MADISON — Two candidates have thrown their hats into the ring for first selectman. Democrat Peggy Lyons and incumbent Tom Banisch, Republican, both have announced their plans within the last week.

In addition to being an active school mom, Lyons currently serves on Madison’s Board of Police Commissioners, and previously sat on the town’s Board of Finance and Economic Development Commission.

Lyons stressed her business background in announcing her plans to run for first selectman.

Along with an undergraduate degree from Cornell and an MBA from the Wharton School of Business, she spent over 17 years advising some of the world’s largest corporations with a focus on corporate finance, mergers and acquisitions, and strategic planning. This includes positions as a Managing Director at Deloitte, a Manager at GE, and over 11 years on Wall Street at two major investment banks.

Banisch is running for his third term as first selectman, elected to his first term in November 2015.

The Republican first selectman, standing outside Town Hall on Thursday afternoon, said an important initiative to look at is pay-as-you-go and debt service as one, with the ability to shift funding between the two.

The result would be “eliminating large peaks and valleys in our budget and mill rate, therefore keeping our taxes predictable,” said Banisch. “If we do this, we can build up capital project reserve balances prior to any additional debt service coming on board.”

Lyons said that Madison needs new leadership to confront the town’s many challenges, including aging buildings, eroding beaches and the shifting demographics.

“We need a long-term vision that meets these challenges head-on, reflects the community values of today, and includes a roadmap on how to get there tomorrow – a plan that is affordable, sustainable, and continues to offer a strong value proposition to the citizens of Madison,” said Lyons. “I will provide the leadership we need to take us forward while also restoring a tone of collegiality and collaboration to town government so we can get things done.”

While Banisch stressed that he has worked hard on the local level, he admitted that there are chronic problems at the state level that will continue to affect the town of Madison.

“New unfunded mandates continue to come down from Hartford, Including storm water management, education, senior services and minimum wage, which will impact our budget,” he said. “Our PILOT funds from the state continue to dry up, even as the crowds at Hammonasset State Park grow. And there are other problems that Hartford will try to foist on us including legalized marijuana, tolls and the teacher’s pensions.”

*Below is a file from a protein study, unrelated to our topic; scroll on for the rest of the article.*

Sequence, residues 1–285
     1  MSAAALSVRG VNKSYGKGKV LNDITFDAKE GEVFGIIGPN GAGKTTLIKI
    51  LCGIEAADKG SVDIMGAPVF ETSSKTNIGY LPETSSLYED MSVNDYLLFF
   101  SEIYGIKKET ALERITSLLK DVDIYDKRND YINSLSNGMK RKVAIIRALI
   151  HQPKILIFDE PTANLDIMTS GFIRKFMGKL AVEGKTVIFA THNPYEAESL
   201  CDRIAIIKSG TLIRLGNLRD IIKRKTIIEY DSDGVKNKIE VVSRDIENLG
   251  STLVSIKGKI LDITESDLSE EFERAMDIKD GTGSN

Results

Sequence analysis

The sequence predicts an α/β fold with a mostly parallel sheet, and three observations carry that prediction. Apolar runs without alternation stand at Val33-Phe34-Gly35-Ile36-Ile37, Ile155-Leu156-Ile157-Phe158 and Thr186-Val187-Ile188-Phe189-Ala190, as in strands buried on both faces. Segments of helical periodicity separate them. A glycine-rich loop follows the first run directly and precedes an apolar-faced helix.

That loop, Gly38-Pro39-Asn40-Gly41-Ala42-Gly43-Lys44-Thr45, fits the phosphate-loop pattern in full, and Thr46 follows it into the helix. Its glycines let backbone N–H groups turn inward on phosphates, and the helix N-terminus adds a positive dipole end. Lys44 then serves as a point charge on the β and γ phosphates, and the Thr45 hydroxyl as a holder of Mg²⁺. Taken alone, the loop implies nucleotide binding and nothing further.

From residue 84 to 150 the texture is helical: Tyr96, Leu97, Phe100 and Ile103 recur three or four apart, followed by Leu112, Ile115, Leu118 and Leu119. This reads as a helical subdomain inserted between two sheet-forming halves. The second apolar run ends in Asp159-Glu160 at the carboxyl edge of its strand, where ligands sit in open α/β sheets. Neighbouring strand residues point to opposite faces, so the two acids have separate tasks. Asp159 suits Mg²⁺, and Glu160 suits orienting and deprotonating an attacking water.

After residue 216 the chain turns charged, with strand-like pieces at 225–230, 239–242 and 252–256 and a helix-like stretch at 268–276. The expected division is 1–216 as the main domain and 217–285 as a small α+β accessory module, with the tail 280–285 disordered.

He stressed that while in office he has managed to keep the town’s tax increases to a modest level, yet property owners need relief and that means improving the town’s infrastructure.

Banisch’s addressed the redevelopment of the Academy Elementary School when he announced his intentions to run in the last election.

Academy School closed in 2004 and was transferred to the Town of Madison in 2011. The parcel of land that the building sits on includes two ball fields and a popular playground. Since the school, located on 4 School St., shut its doors, town officials have sought a new use for the building.

At the time, asked what he’d like to see the school redeveloped into, Banisch said he envisions a mixed-use development, with restaurants and shops on the first floor and condominium space on the second level.

The grassroots organization, ACADEMY — Save The Heart of Madison, is working to keep townspeople informed about the proposed use of the property, while at the same time voicing their concern about the historical significance of the structure and loss of downtown open space if the property is developed.

Going forward, Banisch said, “I believe we need to develop a plan that will preserve and enhance the quality of life in our beautiful community, while always keeping the impact to the taxpayers in mind.”

Connecticut Media Group